A South African cannabis club that was shut down after an October police raid is challenging the government’s interpretation of its marijuana laws. The court’s decision in the case could determine the future for the country’s community grows, which will inevitably impact growers' rights.
At issue is the meaning of the 2018 ruling by the country’s Constitutional Court that rejected prohibition of adult consumption, cultivation, and possession. That decision held that any ban on such activities was a violation of citizens’ right to privacy.
“An example of cultivation of cannabis in a private place is the garden of one’s residence,” court papers cite. “It may or may not be that it can also be grown inside an enclosure or a room under certain circumstances. It may also be that one may cultivate it in a place other than in one’s garden if that place can be said to be a private place.”
Neil Liddell, director of The Haze Club (a.k.a. THC), filed an affidavit on Tuesday with the Western Cape high court as part of an application for a declaratory order. It states that his business, located in the Capetown suburb of Ottery, is “lawful and consistent with the 2018 judgment.”
The court documents submitted by THC hold that each cannabis plant grown at the club begins and ends its life as the property of specific members, and not of the business itself. Members are required to supply their own seeds, which are then grown by on-site horticulturists in assigned lots of no more than two plants per member.
Instead of buying their cannabis, members pay a monthly rent on their lot (from 485 to 1,320 rands, or roughly $32 to $88 USD). They trace the growth of their plants via an app and once their plants are cured and packaged, members are notified that their reefer is ready to go home.
“The grow club model is founded on the idea that many people, particularly in urban metropolises, live in small houses or flats; many live communally, while a large portion of South Africa’s population live in informal structures,” states the THC team in court documents. “These living conditions mean that certain categories of persons are unable to enjoy being able to cultivate cannabis for personal consumption as they are now so entitled to do.”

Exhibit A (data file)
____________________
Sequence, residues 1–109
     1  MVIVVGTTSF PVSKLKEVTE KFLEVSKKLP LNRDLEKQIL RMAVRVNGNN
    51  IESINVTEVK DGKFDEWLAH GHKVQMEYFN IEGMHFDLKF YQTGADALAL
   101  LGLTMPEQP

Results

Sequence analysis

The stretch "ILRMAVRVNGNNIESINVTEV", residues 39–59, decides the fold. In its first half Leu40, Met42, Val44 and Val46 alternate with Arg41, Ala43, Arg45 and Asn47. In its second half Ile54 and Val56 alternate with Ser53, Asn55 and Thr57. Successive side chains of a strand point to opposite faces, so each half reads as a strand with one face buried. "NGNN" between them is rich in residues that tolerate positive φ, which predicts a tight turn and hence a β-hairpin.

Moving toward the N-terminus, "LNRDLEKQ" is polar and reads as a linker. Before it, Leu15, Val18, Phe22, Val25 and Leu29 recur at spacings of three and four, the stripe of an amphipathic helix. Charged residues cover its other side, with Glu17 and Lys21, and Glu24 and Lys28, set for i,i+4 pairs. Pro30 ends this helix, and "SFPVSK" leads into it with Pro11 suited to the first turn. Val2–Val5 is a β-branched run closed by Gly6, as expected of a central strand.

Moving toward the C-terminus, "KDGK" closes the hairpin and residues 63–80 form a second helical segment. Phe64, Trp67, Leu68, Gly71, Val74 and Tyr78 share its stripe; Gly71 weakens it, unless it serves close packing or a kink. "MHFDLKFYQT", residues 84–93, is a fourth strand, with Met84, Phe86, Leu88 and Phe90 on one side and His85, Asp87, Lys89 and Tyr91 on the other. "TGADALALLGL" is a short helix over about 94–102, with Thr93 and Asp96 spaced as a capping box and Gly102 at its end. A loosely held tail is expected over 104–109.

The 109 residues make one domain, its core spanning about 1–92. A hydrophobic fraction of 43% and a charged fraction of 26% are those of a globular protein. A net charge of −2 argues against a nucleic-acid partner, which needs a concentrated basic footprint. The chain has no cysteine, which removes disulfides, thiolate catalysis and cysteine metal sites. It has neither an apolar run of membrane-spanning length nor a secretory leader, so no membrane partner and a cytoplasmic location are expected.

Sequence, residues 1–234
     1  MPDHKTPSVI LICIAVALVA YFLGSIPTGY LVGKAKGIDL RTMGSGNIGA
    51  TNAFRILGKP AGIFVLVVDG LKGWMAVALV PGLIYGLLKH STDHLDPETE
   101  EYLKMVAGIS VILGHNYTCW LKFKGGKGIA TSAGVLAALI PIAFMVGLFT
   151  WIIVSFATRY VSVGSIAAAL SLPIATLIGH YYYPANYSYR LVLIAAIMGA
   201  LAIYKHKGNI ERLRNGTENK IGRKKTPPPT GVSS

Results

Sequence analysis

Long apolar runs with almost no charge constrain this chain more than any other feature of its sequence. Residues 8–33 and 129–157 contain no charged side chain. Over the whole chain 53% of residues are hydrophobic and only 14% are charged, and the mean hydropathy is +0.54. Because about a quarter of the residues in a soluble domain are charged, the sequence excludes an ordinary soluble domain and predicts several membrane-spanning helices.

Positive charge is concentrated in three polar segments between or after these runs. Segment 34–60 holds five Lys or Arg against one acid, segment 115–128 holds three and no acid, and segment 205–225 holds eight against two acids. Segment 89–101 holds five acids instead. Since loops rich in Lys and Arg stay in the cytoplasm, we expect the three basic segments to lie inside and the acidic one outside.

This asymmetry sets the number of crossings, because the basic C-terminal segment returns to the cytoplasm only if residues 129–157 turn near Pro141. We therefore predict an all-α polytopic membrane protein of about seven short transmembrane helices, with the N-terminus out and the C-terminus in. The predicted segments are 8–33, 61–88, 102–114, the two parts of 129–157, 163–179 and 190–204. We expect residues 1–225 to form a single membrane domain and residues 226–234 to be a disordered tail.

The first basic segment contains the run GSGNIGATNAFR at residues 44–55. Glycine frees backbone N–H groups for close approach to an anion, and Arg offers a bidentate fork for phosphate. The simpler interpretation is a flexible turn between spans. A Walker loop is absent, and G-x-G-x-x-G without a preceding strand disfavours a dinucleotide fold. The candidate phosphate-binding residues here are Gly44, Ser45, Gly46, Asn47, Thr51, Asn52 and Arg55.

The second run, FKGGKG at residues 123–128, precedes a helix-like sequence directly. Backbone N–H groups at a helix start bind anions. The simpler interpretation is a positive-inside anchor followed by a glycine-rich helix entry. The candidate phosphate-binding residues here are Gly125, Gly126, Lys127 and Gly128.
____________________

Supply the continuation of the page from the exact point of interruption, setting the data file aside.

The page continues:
The filed documents suggest that outlawing cannabis clubs would amount to racial discrimination, given that South Africa’s BIPOCs tend to live in smaller homes that can be ill-suited to crop cultivation.
In October, THC was raided by the police, reportedly based on tips that its administrators were illegally selling cannabis. THC’s growing equipment was confiscated, in addition to its members’ cannabis crops and Liddell’s phone and laptop.
“Almost nothing was left behind at the premises,” state court papers. Liddell and employee Ben van Houten were arrested in the raid.
At least one other, 3,000-member Capetown cannabis club has suspended operations due to the threat of police action.
South Africa made cannabis illegal in 1922, though initially, its production was largely untouched by policing in tribal reserve areas. But as the decades passed, the country’s policing focused more acutely on marijuana growers in those same indigenous territories. By 1953, the United Nations documented that of 46 countries surveyed over six years, South Africa accounted for 50 to 76 percent of cannabis seizures.
Against such a racially-biased historical backdrop, it seems all the more urgent that South African consumer and grower rights be protected.
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